Of course this is extremely personal but I am sharing it with everyone on the board anyhow.
I would like some feedback about my approach in this letter:
1. How I convey my feelings about leaving 'the truth'; do I scare the reader away?
2. Should I mention Armageddon at all?
Who is the reader? (that might help, since this is highly subjective)
1. I was engaged to her until about a year ago. I told her that my beliefs were changing and we were forced to call off the wedding.
2. She got a tatoo right after we terminated our relationship, but clings on dearly to 'the truth'.
3. I have seen her only once in the last 10 months.
4. Especially after her grandmother died a couple of months ago, her family has been opposed to her having contact with me.
5. I just want to be her friend and help her out of the borg.
Thanks to all who care to read and Witness-proof for me :)
It has been quite a while since I have attempted to speak with you. You have the right to listen if you wish to anything I may say. Please make this your own pesonal decision.
Well, what have I to say?
First, that I continue to care for you and your happiness matters to me. I will support you as much as a friend can under the circumstances. I can't ignore that you are in pain right now, for various reasons, of which some I am not aware. But I know the pain is there.
I cannot erase any pain you may be experiencing. But I will not let you suffer unnecessarily.
One of the last times we spoke, you told me, "you are my best friend." I don't doubt that you meant it.
So why sever all ties with me?
Every time I have tried to talk with you, I have been primarily motivated by concern for your well being. I don't ask for much in return: courtesy, respect, and honesty. I hope you do not resent me for showing such concern. It is genuine and unconditional.
If I ever need anything from you, I will ask. Otherwise, you need not worry about 'what I might want from you'.
Of course, I am experiencing pain right now as well. I no longer measure my self-worth in terms of my 'spirituality'. But of course people in my life choose to see things this way. They want to measure out their love for me accordingly. Please do not be one of these people.
Love is not something that should be given in 'measured doses'.
I will surround myself with people whose love for me is unconditional. This is essential for my personal health. You are capable of doing this in your life as well.
Mandy, I have discovered that conditional love is inherent in the mentality of Jehovah's Witnesses. You yourself have been a victim of this, in the past when we were dating; you might still be treated this way. People in the congregation are willing to extend themselves to you only so far as it makes them look good. If they deem you 'weak', perhaps they will condescendingly offer their friendship. But this is not love.
I naively thought in the past that I could change people, and make a difference. Well, the time to make a difference as a member of the congregation is no longer. I learned much about love while I was there (from you, which I greatly appreciate, and from many others). I grew in understanding and love, and eventually the word I was living in became much too small.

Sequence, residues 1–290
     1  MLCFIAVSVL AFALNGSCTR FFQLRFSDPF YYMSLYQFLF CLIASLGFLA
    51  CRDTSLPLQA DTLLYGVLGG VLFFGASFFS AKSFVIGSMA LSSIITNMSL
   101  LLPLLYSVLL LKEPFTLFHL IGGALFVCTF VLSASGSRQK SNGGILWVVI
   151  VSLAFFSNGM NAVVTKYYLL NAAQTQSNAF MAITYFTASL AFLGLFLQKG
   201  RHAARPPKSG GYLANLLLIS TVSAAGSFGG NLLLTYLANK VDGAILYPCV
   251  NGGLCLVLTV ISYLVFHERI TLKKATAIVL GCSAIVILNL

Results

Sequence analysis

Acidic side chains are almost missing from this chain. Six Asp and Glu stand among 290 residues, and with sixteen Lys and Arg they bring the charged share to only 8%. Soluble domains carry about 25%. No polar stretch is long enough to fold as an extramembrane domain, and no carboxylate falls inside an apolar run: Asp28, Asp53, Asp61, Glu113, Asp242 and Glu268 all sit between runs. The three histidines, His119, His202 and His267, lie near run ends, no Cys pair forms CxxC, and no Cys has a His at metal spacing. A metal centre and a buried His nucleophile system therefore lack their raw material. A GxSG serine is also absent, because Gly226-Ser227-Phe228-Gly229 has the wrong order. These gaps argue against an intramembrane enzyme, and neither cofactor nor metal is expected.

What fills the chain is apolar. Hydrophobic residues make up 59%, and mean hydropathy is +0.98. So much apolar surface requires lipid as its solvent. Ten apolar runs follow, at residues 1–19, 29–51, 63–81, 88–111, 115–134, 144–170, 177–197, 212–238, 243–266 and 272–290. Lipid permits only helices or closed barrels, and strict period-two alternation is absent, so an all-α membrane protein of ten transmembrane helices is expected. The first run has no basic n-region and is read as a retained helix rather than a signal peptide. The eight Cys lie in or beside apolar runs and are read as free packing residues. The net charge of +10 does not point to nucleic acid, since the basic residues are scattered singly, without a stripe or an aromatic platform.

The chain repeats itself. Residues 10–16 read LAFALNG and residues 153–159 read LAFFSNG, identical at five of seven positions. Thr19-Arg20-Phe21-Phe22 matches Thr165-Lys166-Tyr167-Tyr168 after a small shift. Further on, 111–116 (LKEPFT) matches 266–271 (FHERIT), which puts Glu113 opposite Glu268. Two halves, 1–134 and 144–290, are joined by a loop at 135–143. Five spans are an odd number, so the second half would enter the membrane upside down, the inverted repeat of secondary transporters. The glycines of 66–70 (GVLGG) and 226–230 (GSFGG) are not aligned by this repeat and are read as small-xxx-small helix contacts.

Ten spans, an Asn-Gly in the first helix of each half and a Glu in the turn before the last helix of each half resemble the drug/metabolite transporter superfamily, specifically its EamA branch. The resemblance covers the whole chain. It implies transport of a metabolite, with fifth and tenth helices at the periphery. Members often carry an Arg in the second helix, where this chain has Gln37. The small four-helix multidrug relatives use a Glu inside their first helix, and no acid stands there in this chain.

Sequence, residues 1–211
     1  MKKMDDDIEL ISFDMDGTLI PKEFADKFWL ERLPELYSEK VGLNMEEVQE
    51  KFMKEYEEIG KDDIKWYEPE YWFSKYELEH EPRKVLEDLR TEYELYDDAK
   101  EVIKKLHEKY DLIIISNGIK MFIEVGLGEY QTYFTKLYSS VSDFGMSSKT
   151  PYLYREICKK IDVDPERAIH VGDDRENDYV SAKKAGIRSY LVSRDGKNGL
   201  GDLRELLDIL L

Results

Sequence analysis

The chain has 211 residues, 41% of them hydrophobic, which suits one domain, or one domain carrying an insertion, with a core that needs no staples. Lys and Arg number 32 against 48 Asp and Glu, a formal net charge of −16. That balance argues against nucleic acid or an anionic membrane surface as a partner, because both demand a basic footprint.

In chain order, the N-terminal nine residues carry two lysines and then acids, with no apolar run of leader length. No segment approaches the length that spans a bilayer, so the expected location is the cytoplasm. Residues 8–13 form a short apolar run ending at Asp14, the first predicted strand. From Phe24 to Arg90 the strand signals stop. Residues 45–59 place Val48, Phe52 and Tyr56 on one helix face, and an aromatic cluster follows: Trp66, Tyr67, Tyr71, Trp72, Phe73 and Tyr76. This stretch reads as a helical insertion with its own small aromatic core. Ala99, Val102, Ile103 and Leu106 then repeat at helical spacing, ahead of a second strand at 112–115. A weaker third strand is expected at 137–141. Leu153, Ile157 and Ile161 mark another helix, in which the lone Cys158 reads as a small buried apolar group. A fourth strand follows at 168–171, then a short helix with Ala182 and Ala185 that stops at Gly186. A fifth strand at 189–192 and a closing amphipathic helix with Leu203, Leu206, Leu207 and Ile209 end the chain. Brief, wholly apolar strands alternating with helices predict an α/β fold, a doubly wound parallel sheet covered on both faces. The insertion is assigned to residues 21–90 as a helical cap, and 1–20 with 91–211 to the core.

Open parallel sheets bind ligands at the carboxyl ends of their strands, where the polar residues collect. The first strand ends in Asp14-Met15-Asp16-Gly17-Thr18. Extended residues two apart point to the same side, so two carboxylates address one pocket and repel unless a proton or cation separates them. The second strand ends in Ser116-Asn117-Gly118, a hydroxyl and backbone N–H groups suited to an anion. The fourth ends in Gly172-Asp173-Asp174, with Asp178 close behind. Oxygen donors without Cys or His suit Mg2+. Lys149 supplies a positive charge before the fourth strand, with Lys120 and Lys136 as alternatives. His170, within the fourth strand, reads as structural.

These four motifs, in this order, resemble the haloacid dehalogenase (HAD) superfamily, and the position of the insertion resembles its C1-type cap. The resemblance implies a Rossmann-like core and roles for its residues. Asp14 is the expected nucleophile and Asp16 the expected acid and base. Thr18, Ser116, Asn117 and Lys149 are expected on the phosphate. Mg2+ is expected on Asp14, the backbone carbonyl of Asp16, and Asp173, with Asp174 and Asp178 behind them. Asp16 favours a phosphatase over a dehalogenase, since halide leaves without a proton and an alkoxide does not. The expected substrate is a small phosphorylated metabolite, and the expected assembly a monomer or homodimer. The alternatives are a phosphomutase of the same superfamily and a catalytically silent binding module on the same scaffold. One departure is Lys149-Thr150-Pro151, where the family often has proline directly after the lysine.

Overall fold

I think this is the part of my process to which you can relate. There is of coure much more, regarding my beliefs, some of which you fear. Mandy, I see it as inevitable that your path will eventually take you outside of the congregation. You yourself said this to me long ago: "If it weren't for you I probably wouldn't still be here."
There is no shame in this! I just hope you don't fall away because of being hurt.
I will support you, if you wish, in making wise decisions in this regard. Remember that I am no longer as close-minded and judgemental as I was.
Must you hate me for making the decision to leave? What if you had to make the same decision?
I deeply regret that this decision of mine came when it did, but I couldn't pick my time. There never would have been a convenient time to go.
In fact, it was stated from the platform in the kingdom hall that 'whoever doesn't accept Jesus' ransom doens't belong here'. That was directed to me, intentionally, but also intended to frighten the congregation. That was very unfair.
I know it happened so fast; I changed very fast I must admit. But how can I apologize for what I saw? What I learned?
It hurts me so much that you feel the need to push me away. What is not fair is that you think that by 'punishing' me you might be doing me a favor. This is not love. If you want to love me, then love me as I am.
If you can hang on to anything, remain the caring person I know you to be. I know how torn you must be upon thinking of losing me forever, or anyone else you may care about. But you must see that you are choosing that option. You distance yourself from me now because you fear that sometime in the future I will suffer divine judgement. I don't share your fear, but I can only imagine how painful it is to think about.
Don't give up, though, your right to see how my life turns out. I am sorry if I haven't been perfectly tactful, but I know this is a major issue for you. I didn't wish this pain upon you, let me assure you. I wish I could help you resolve it. Ask yourself, "is it healthy for me to think this way?"
I am sure you need emotional distance from me for personal reasons. I respect that. I am not trying to confuse your emotions. I have had much time to heal, but I felt it very necessary to collect my thoughts and and feelings and deliver them to you now. Maybe this will help you too.
From my perspective, I can't think of one good reason I shouldn't be your friend.
Again, it's your choice as to what kind of friend you want to be. I cannot oblige you to do anything. But please be honest about what you are choosing.
"All that is necessary for the triumph of evil is that good men do nothing." Edmund Burke